Rantlets: Chrysler, Credit and Afghanistan

  • Chrysler is asking for an additional $5 billion from the federal government and its action plan calls for, among other things, discontinuing the popular PT Cruiser model. This car was reported in February to be Chrysler’s 4th biggest seller and “with a sales drop of 55%, the PT would sell just 42,384 copies per year at this rate – but it was originally set to sell just 35,000 a year, so it’s still ahead of projections.” The viability plan includes launching 24 new vehicles in 48 months. So, apparently cutting your 4th best seller, a product that is selling more than initially projected even in a downturn, is good policy at Chrysler. In other words, Chrysler took a look around its operations and decided to fix what wasn’t broken. In my book, that ranks right up there with flying on a corporate jet to beg for taxpayer funds.
  • Chrysler is predictably blaming its ongoing problems on nonexistent consumer credit issues. According to the Washington Post:

    Because consumers are having difficulty getting credit, Chrysler estimates seasonally adjusted annual sales will average 10.8 million vehicles this year until 2012. In recent years, that rate hovered around 16 million.

    This is hogwash. The Treasury Department reported today that lending increased in December at the top 20 banks. Getting an auto loan today is more convenient than ever before. Banks are, in fact, lending, but when it comes to Big Three products, consumers aren’t interested. Hyundai, Kia and Subaru all managed to post year-over-year sales gains in January by offering better products and good warranties that aren’t threatened by the specter of bankruptcy. As long as Chrysler is focused on credit markets and federally financed pipedreams instead of its customers, the company isn’t going to turn around and the answer to its begging should be “No.”

  • President Obama is sending an additional 17,000 troops to Afghanistan to deal with continuing trouble there. While the increase is needed according to commanders in Afghanistan, we should learn a lesson from the Soviet experience there and the US experience in Iraq – stabilizing Afghanistan will have much less to do with troop levels than with proving to Afghans that their destiny is in their own hands. The increased troops of the Iraq Surge were only effective because they contributed to that end.

GM, Chrysler Ask for Billions More in Federal Aid

PT Cruiser News

U.S. Treasury Says Bank Lending Rebounded in December

Obama to Send 17,000 More Troops to Afghanistan

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Lifestyles of rich Republicans

A few times a year I’ll get a hateful comment or a bit of hate email accusing me of being out of touch with the common man. The usual comment is along the lines of “rich Republicans like you have no idea what it’s like to…” fill in the blank. I am, you see, a Dot Com Thousandaire and some people find that kind of quadruple digit wealth infuriating.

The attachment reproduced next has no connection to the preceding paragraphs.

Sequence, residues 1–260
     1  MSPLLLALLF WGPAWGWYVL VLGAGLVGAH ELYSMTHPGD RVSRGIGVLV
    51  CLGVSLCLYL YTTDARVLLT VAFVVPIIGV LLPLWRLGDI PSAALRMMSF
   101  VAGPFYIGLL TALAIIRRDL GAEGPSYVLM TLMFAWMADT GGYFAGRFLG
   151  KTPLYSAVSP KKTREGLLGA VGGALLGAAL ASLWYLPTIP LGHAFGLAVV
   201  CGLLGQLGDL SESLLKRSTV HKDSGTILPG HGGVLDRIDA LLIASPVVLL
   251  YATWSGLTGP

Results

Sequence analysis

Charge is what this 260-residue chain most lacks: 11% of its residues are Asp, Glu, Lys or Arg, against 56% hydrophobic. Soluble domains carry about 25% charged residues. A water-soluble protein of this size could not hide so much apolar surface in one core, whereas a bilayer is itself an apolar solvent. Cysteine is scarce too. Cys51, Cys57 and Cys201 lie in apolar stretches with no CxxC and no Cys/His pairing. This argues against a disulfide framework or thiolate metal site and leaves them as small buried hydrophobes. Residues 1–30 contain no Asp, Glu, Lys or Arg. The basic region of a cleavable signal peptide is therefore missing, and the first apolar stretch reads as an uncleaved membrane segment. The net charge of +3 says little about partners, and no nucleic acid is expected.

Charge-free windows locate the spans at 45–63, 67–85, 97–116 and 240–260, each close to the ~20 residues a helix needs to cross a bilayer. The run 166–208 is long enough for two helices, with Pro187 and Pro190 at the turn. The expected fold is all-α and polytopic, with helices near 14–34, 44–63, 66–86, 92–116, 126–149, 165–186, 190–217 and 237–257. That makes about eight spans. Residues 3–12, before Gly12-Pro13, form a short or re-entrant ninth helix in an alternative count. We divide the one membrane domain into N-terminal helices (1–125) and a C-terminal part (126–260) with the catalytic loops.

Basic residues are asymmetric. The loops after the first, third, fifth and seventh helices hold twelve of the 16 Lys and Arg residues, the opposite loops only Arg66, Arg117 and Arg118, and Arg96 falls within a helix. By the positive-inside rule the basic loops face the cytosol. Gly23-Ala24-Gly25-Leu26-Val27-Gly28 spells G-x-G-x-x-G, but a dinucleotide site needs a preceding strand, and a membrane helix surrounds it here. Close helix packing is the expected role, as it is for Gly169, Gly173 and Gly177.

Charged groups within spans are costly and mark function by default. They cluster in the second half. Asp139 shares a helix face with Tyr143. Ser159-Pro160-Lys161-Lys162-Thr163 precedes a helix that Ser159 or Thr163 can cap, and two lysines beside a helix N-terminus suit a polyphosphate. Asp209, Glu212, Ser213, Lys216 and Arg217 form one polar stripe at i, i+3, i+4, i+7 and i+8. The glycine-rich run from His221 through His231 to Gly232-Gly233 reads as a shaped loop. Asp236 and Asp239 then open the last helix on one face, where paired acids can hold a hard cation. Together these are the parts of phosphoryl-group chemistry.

I thought it would be fun to share a few items from the lifestyle of rich Republicans like myself here on the interwebs. Maybe I’ll even get a few details out there on The Google.

For the first installment, I thought I’d share what rich Republicans like myself drive. Keep reading to see my new car:

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More on Moral Hazard

Last week I addressed a flaw I saw in the “moral hazard” argument for avoiding any action, no matter how justifiable, on the grounds that it might encourage future risk taking. My point, briefly, was that risk taking is actually something worth encouraging.

This week in The New Yorker James Surowiecki exposes the other half of the flaw in the moral hazard argument. In short, it doesn’t happen. :

Why might the effects of moral hazard be smaller than expected? To begin with, most bailouts aren’t like deposit insurance, which is certain and quick. Financial bailouts are uncertain and messy, and they typically occur only after institutions have already suffered extensive damage. Bear Stearns, for instance, was “saved” only after its shares had fallen almost ninety-five per cent from the previous year, and it seems unlikely that either its laid-off workers or its battered shareholders came out of the experience anxious to engage in more foolhardy behavior.

Again, there are plenty of reasons to be leery of a spending package calculated to be just small enough to avoid the word “trillion,” but moral hazard is an argument that would win few converts even if it weren’t fatally flawed.

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The War is Won

American style democracy has come to Iraq:

Officials said on Sunday 7.5 million or 51 percent of the more than 14 million registered voters [voted].

From Saddam Hussein to enthusiastic self-government to American style apathy in 6 short years. It took us almost 200.

Looks like it is time for the troops to come home.

Iraqi election turnout not as high as hoped

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